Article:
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Ultrasound credentialing in North American emergency department systems with ultrasound fellowships: a cross-sectional survey
  1. Venkatesh R Bellamkonda1,
  2. Hamid Shokoohi2,
  3. Abdulmohsen Alsaawi3,
  4. Ru Ding4,
  5. Ronna L Campbell1,
  6. Yiju Teresa Liu5,
  7. Keith S Boniface2
  1. 1Department of Emergency Medicine, Mayo Clinic College of Medicine, Rochester, Minnesota, USA
  2. 2Department of Emergency Medicine, George Washington University, Washington DC, USA
  3. 3Department of Emergency Medicine, King Abdulaziz Medical City, Riyadh, Saudi Arabia
  4. 4Department of Health Policy and Emergency Medicine, George Washington University, Washington DC, USA
  5. 5Department of Emergency Medicine, Harbor-UCLA Medical Center, David Geffen School of Medicine at UCLA, California, USA
  1. Correspondence to Dr Venkatesh R Bellamkonda, Department of Emergency Medicine, Mayo Clinic College of Medicine, 200 First Street SW, Rochester, MN 55905, USA; bellamkonda.venkatesh{at}mayo.edu

Abstract

Objective To describe the credentialing systems of North American emergency department systems (EDS) with emergency ultrasound (EUS) fellowship programmes.

Methods This is a prospective, cross-sectional, survey-based study of North American EUS fellowships using a 62-item, pilot-tested, web-based survey instrument assessing credentialing and training systems. The American College of Emergency Physicians (ACEP) distributed the surveys using SNAP survey (Snap Surveys Ltd, Portsmouth, New Hampshire, USA).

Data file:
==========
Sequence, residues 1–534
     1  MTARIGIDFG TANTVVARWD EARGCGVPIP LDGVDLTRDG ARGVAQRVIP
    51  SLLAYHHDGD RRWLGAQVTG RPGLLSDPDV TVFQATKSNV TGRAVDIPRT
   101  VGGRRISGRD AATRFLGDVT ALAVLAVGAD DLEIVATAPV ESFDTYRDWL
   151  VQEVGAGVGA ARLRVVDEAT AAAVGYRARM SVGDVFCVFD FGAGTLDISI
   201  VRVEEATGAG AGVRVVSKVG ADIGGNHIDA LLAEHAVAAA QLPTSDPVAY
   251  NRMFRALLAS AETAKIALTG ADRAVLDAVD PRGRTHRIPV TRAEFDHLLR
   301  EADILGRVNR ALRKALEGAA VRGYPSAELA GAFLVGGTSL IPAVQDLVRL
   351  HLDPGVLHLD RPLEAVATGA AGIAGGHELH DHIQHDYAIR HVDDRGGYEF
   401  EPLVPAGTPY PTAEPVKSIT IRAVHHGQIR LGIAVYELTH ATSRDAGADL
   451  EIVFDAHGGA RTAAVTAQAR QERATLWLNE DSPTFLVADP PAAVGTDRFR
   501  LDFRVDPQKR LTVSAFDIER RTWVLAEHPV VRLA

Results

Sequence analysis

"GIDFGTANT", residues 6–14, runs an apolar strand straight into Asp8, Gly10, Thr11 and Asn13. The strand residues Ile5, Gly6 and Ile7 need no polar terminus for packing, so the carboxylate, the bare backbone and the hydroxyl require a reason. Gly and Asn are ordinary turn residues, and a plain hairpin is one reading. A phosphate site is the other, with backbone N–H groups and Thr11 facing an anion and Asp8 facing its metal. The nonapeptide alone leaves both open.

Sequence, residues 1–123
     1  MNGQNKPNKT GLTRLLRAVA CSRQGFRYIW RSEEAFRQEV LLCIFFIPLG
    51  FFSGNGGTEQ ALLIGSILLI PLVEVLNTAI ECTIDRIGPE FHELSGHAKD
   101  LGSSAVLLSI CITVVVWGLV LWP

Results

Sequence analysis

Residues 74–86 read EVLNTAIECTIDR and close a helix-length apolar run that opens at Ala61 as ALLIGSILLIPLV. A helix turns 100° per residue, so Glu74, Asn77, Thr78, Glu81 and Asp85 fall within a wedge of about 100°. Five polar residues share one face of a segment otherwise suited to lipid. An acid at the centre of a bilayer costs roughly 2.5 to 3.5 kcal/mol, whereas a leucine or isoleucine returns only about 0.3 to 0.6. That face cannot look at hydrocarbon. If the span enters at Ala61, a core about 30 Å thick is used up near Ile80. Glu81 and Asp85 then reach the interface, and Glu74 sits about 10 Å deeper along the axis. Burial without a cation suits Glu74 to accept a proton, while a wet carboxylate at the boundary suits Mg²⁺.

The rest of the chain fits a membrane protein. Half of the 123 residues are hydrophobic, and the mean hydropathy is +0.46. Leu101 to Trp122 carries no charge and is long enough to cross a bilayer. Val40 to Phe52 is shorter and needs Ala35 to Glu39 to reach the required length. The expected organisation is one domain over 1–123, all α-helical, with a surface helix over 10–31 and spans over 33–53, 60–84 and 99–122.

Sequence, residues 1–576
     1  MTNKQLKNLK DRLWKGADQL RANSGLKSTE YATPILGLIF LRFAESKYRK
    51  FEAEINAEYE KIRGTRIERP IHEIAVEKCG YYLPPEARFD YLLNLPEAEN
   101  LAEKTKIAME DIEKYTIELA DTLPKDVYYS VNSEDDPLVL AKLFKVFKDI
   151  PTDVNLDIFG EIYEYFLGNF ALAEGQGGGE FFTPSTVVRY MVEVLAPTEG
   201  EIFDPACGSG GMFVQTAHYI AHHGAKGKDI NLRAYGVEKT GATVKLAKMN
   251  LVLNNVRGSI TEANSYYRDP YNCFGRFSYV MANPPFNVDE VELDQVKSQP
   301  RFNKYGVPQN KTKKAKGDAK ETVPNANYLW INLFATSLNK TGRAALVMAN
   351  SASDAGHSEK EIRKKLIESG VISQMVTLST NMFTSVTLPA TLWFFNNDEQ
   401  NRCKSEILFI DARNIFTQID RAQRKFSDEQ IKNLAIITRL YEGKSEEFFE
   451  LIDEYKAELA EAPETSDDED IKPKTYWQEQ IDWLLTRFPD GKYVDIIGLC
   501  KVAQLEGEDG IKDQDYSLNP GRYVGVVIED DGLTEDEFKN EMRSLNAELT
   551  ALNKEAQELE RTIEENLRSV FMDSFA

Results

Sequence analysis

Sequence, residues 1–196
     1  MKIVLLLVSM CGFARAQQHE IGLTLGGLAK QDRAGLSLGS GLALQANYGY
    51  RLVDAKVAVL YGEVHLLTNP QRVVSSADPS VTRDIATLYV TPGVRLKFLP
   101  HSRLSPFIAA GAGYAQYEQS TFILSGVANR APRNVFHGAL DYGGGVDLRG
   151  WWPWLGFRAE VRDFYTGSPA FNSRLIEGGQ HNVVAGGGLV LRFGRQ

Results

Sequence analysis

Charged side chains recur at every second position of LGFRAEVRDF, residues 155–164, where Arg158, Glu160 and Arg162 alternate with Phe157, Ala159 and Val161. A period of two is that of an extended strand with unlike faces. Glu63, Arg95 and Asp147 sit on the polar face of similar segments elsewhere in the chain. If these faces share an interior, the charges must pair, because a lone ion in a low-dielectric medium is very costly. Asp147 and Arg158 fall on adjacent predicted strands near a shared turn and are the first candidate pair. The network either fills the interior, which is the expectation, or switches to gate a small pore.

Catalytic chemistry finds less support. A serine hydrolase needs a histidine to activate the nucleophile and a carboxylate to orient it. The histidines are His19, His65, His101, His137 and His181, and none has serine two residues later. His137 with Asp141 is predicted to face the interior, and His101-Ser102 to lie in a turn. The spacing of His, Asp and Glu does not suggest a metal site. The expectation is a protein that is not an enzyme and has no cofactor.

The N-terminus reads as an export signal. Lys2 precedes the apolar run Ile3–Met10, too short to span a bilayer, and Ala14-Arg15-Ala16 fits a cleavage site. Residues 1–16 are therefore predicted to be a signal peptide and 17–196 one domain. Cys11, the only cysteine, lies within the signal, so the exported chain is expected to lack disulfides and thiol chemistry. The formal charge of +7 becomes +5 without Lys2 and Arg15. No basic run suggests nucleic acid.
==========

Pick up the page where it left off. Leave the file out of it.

Results Over 6 months, 75 eligible programmes were surveyed, 55 responded (73% response rate); 1 declined to participate leaving 54 participating programmes. Less than 20% of EDS credential nurses, physician assistants, nurse practitioners and students in EUS. Respondent EDS reported having an average of 4.2±3.3 ultrasound faculty members (faculty identifying their career focus as EUS). The median number of annual point-of-care ultrasounds reported was 5000 (IQR 3000–8000). 30 EDS (56%) credential each examination individually and 48 EDS (89%) use ACEP credentialing criteria. 61% of fellowship leadership believe their credentialing system is either satisfactory or very satisfactory (Cronbach's coefficient α=0.84).

Conclusions The data show heterogeneity among North American EDS with EUS fellowship programmes with regard to credentialing systems despite published guidelines from the ACEP and Canadian Emergency Ultrasound Society.

  • imaging, ultrasound
  • education
  • emergency department management
  • ultrasound
  • systems

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